Mikhail Bulgakov (1891-1940) is most famous for his epic farce The Master and Margarita (written in the late 1920s). But Heart of a Dog is a satirical take on Bolshevism—it was written in 1925.
As with his most famous work, the publication of this novella was heavily delayed in the Soviet Union. Not until 1987 was it first published in Russia, hitting book shelves elsewhere from 1968. Woof.
The Heart of a Dog
Whilst a rather macabre novella, Bulgakov’s work is also crammed with a sense of slapstick satire and a fine lust for the absurd.
Yes, with an opening line like that it’s fair to say we thoroughly enjoyed this book.
The plot? Set in Moscow, 1924, a stray dog foraging through restaurant trash is scalded with boiling water by an enraged chef.
The dog believes its end is nigh, but a rich and successful surgeon called Philip Philipovich Preobrazhensky spots the dog and saves it.
Although a brilliant surgeon, he’s also pompous, pretentious, and overprivileged.
All the same, initially he comes across as kindly. The surgeon feeds the beast and brings it home to live in his huge apartment. He also calls the dog Sharik.
Whilst there, the dog meets the surgeon’s protegé Dr. Ivan Arnoldovich Bormenthal and two female servants.
Philipovich is anti-communism, but the state doesn’t do him in because of his surgery skills assisting with the Soviet Union’s leadership.
Sharik settles in and believes he’s simply a pet, but his master has experimental plans for him. And sedates the dog and operates, giving the dog a human pituitary gland. Plus a pair of human testicles.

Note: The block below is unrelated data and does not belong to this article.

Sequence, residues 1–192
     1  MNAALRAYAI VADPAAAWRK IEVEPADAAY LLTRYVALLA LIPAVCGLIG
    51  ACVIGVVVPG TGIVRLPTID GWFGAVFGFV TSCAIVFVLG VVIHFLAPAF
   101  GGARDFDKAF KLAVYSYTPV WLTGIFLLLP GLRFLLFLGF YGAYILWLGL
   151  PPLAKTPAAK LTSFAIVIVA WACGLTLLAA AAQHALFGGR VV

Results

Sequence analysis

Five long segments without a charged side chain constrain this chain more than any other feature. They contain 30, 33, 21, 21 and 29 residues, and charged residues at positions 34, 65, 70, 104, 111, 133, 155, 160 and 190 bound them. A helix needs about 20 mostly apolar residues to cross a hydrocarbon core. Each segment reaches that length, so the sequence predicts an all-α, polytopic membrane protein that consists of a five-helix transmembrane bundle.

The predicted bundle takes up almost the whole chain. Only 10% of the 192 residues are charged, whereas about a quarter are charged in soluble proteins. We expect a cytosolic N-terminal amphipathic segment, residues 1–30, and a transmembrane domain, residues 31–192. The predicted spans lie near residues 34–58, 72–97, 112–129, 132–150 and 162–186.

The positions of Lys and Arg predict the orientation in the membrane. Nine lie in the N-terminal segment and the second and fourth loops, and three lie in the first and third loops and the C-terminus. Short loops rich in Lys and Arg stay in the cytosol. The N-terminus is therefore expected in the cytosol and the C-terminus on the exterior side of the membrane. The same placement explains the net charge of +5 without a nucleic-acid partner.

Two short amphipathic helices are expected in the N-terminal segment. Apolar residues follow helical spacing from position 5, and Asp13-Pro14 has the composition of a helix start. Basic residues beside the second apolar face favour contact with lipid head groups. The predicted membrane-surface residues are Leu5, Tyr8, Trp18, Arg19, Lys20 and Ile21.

The dog survives the operation and Philipovich considers himself a worthy genius. And to his amazement, Sharik begins showing human-like behaviours.
The surgeon and Dr. Bormenthal attempt to teach the man/dog hybrid basic etiquette, but are appalled to find the being is a bit of an unhinged maverick.
He chooses the absurd name Polygraph Polygraphovich Sharikov. Considering manners a relic of Tsarism, his behaviour is also bizarre and distinctly worrying.
He refuses to wash, swears openly in front of everyone, and dresses poorly.
Sharikov is, simply put, a bloody menace and has a fixation on wiping cats off the face of the Earth.
Philipovich is increasingly appalled by his creation, viewing himself as something of a failure.
Particularly as the man/dog’s behaviour becomes more and more alarming. Especially his fixation on cats, with a determination to wipe them all out (Sharik later gets a job that involves removing felines from Moscow).
This all means Philipovich and Sharik are constantly bickering, with the latter viewing his creator as his dad.